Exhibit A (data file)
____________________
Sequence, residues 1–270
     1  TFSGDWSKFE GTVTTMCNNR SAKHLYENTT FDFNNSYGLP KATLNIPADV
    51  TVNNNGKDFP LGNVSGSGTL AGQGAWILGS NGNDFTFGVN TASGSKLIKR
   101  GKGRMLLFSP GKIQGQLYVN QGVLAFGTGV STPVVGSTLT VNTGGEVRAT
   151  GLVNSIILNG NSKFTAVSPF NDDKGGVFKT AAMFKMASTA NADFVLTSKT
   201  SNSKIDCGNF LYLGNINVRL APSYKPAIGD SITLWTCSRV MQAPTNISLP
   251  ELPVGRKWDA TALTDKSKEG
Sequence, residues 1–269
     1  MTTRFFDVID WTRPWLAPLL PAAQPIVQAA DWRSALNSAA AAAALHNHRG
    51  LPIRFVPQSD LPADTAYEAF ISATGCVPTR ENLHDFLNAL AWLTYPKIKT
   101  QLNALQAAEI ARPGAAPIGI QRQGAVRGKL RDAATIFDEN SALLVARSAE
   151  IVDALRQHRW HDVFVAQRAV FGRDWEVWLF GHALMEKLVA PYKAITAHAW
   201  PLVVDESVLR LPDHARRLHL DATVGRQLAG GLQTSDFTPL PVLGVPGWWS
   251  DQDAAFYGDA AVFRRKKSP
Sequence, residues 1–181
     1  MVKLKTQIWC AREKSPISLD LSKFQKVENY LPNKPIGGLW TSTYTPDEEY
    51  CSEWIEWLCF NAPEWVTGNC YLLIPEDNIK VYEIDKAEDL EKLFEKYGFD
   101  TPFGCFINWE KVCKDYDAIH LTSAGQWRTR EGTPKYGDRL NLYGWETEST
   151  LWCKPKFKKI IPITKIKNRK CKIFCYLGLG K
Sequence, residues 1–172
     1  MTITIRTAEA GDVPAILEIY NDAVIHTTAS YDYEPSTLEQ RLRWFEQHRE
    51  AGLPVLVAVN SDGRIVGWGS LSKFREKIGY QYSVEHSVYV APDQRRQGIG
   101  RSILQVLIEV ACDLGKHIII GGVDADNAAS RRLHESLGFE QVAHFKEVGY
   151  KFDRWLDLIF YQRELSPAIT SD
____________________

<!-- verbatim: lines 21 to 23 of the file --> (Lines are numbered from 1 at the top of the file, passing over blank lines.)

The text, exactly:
     1  MTITIRTAEA GDVPAILEIY NDAVIHTTAS YDYEPSTLEQ RLRWFEQHRE
    51  AGLPVLVAVN SDGRIVGWGS LSKFREKIGY QYSVEHSVYV APDQRRQGIG
   101  RSILQVLIEV ACDLGKHIII GGVDADNAAS RRLHESLGFE QVAHFKEVGY